If you don’t spend your days heads down, immersed in technology it’s easy to feel intimidated. It’s complicated, it’s full of unfamiliar acronyms and it always seems like there’s some secret knowledge that you can’t quite grasp. And sometimes, well, it is hard. But it’s not rocket science either. At its core it’s something you already understand. It’s building, construction, putting things together to make something new. Sure, we’re using code and not boards and nails, but in the end they have more in common than meets the eye.
Every building starts with a goal. Not with a hammer. Not even with a blueprint. Just a goal.
“I want to house two adults and two children on 0.2 acres of land.”
“I want to provide public library services to an area serving about 100,000 people, and I want to offer them about 25,000 books.”
Those two are very different. You’d hire a different architect. She’d build you a different blueprint. You’d hire a different contractor. It would take more money and more time to build the library than to build the house. And you would certainly never start building a house for a family of four and halfway through decide you wanted to turn it into a public library. That’s common sense. It’s smart planning and decision making. You started with the end in mind.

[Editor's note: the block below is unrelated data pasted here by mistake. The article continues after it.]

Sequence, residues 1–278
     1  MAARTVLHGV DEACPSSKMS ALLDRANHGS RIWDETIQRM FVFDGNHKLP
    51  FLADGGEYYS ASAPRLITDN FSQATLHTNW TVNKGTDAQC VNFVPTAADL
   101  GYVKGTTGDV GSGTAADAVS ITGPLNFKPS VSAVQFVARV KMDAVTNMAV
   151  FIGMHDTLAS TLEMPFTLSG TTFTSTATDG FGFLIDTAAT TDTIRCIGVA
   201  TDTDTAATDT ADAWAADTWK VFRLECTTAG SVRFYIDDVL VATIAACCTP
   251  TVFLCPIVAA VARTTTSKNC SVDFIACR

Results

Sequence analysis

Technology is no different. You’ll never make smart decisions if you don’t understand your goal. And just as in building, there is no such thing as build it and they will come. Who will come? Why? What do we want them to do when they get here? Will they pay us to be here? If not, who will?
Start with the end in mind. Don’t decide what you’re going to build until you know where you’re going. “We want a mobile app?” “Do you? Why? What is the purpose of having a mobile app? Do your customers have mobile devices? Are they open to using the internet to do business with you?” Smart planning. Smart decisions.